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College- and Career-Readiness Assessments: Results Are (Coming) In

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September 11, 2015 12:21 pm

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As states begin to release results from new assessments that measure college and career readiness, what do the results mean? On September 9, 2015, three educators offered their views. Lorretta Holloway, the interim vice president for enrollment at Framingham State University in Massachusetts; Anitra Pinchback-Jones, the principal of Rainier View Elementary School in Seattle; and Marti Shirley, a mathematics teacher at Mattoon High School in Mattoon, Illinois, spoke on an Alliance for Excellent Education webinar.

The educators discussed their experiences with the Partnership for Assessment of Readiness for College and Careers (PARCC) and the Smarter Balanced Assessment Consortium (SBAC) assessment, which were administered for the first time in 2014-15 in 29 states (Washington State administered SBAC; Massachusetts and Illinois administered PARCC).

Here are some of the key points from the webinar:

  • Expectations about the results—Scores are not expected to be high overall, but we should see success on items measuring basic skills. Students are expected to struggle on written response items requiring justification as teachers are still grappling with how to effectively teach this in the classroom. The largest challenge is shifting classroom practices to match the rigor of the newer assessments.
  • District Support—There has been statewide communication. There is also a repository of lesson planning tools, sample assessment items, and question-writing techniques for teachers to use throughout the year.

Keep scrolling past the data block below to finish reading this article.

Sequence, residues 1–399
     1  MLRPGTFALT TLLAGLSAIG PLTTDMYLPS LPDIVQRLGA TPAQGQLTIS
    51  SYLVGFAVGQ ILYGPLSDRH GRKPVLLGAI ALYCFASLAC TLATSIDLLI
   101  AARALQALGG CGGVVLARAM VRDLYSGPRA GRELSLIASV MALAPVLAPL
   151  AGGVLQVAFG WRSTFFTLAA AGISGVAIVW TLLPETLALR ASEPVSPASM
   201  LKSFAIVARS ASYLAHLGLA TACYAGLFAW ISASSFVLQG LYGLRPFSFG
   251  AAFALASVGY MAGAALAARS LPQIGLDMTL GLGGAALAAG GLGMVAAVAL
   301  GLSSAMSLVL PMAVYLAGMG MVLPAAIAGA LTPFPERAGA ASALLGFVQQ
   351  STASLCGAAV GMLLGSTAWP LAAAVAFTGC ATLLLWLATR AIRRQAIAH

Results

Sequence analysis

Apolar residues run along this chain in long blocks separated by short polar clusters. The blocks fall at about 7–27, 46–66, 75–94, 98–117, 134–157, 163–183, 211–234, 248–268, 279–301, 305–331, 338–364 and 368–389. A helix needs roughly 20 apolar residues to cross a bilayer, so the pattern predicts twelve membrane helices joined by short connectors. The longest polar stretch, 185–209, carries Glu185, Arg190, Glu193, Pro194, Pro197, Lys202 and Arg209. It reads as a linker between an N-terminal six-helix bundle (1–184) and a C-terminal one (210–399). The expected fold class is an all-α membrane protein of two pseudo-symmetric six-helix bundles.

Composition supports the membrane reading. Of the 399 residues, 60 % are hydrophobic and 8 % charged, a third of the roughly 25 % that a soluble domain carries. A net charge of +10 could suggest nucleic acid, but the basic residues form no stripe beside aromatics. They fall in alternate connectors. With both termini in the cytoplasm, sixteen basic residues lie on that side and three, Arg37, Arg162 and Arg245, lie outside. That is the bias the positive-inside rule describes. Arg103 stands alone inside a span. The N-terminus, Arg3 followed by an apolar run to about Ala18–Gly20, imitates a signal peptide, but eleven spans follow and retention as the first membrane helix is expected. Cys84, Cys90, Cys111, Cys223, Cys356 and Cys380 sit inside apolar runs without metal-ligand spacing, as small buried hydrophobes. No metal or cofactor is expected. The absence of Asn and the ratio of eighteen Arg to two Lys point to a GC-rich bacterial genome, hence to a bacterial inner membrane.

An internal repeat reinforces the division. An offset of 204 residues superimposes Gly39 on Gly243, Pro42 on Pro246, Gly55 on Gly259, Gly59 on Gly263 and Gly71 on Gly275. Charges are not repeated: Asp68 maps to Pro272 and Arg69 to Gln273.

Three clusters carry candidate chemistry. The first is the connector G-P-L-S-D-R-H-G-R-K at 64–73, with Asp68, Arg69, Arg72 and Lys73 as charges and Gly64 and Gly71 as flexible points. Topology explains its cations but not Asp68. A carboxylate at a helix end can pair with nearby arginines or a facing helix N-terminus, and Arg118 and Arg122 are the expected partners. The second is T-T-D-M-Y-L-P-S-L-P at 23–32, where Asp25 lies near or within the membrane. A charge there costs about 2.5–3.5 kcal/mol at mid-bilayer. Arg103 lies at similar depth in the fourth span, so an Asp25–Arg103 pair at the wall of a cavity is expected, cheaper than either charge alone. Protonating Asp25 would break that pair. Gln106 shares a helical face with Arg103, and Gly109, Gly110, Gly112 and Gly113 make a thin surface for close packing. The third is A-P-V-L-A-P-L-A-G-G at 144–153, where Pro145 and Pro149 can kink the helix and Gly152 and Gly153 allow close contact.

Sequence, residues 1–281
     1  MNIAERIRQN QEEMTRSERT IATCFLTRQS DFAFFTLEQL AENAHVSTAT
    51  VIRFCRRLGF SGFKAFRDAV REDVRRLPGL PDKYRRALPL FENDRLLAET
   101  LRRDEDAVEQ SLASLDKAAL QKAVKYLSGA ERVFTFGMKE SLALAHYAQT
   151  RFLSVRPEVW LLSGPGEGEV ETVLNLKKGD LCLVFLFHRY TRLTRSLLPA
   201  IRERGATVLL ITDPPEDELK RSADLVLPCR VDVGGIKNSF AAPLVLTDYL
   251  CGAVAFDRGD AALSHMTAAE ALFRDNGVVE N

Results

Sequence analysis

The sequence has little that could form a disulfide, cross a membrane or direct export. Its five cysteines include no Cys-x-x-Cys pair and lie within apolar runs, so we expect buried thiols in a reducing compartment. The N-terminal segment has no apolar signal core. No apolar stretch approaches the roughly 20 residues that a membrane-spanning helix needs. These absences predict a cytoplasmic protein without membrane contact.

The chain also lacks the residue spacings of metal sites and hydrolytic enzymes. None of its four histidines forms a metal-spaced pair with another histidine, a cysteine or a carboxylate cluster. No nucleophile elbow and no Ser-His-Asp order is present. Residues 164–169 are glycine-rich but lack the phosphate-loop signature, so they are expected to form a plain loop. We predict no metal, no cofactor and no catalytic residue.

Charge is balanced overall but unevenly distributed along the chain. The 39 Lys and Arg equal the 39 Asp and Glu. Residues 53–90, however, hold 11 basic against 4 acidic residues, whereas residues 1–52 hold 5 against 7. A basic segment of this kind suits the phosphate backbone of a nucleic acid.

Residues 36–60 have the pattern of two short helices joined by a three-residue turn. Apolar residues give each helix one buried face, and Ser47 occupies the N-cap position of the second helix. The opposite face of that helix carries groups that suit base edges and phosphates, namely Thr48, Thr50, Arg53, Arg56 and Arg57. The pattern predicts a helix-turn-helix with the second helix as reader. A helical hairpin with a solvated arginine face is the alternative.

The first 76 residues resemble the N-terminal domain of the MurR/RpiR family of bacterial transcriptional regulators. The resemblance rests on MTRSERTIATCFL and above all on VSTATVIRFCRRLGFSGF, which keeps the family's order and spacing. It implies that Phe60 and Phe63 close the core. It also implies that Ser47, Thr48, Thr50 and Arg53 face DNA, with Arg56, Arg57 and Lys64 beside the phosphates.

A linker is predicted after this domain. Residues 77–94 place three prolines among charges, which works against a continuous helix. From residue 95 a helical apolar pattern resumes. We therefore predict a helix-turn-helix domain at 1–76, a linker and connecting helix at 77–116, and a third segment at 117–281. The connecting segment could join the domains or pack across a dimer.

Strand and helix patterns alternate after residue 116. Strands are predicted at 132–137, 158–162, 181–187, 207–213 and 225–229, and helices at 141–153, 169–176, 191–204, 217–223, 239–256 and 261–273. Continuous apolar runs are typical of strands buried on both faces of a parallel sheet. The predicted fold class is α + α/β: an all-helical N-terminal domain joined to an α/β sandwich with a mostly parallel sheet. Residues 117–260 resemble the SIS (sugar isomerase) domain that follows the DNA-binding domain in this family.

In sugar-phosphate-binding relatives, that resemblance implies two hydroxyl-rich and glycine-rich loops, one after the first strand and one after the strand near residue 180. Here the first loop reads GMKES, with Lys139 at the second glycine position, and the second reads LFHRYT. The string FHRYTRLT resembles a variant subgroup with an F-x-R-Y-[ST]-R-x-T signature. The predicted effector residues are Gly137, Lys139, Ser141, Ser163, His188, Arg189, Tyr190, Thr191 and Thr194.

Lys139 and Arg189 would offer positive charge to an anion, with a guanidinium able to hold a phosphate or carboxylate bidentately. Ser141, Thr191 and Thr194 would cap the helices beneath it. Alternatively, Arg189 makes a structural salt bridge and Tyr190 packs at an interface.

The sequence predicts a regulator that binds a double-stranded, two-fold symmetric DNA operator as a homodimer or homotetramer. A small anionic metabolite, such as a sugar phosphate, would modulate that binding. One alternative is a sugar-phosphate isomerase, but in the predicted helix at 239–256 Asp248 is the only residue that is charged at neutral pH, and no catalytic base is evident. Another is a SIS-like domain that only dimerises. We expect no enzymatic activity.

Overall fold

• Parent Response—Parents have been positive as districts have provided them with ample information about the assessments and what they mean for instructional changes. Most of this information is filtered through schools. Student results are also shared on a continuum so that parents understand where their child is performing and how they should be performing in 11th grade English Language Arts, for example.
  • Student experience—In some cases, students seemed comfortable with the testing format and generally positive. In other, students expressed anxiety with the new test structure. They were not accustomed to the level of inquiry which is an indicator for teachers on how much further we have to go.
  • Subgroup Performance—Though historically underserved students are performing better than before, the performance of students with disabilities is not expected to improve. There is room to improve the accessibility of these new assessments.

Marti Shirley summed up the panelists’ perspectives on the new assessments in her closing comments:

I wasn’t the biggest fan of this change in testing. But I would say that, now, I am probably the biggest proponent of it I know. …. The shift in questioning is pushing our students to a new level, which is just exciting. It’s the best thing that could happen to them, because it’s taking them out of their comfort zone. In real life, they’re not going to have to know just routine skills. They’re going to have to know the applications. And PARCC is really forcing teachers to be able to prepare them to reason, to model. Math is such a great tool to teach students these skills that they’re going to need for career, for college, for everything. I am so ready to see what the results are to keep moving forward with this.

If you missed the webinar, archived video from it is now available “on demand” at https://all4ed.org/webinar-event/sep-9-2015/.

Categories:
Assessment Webinar Series

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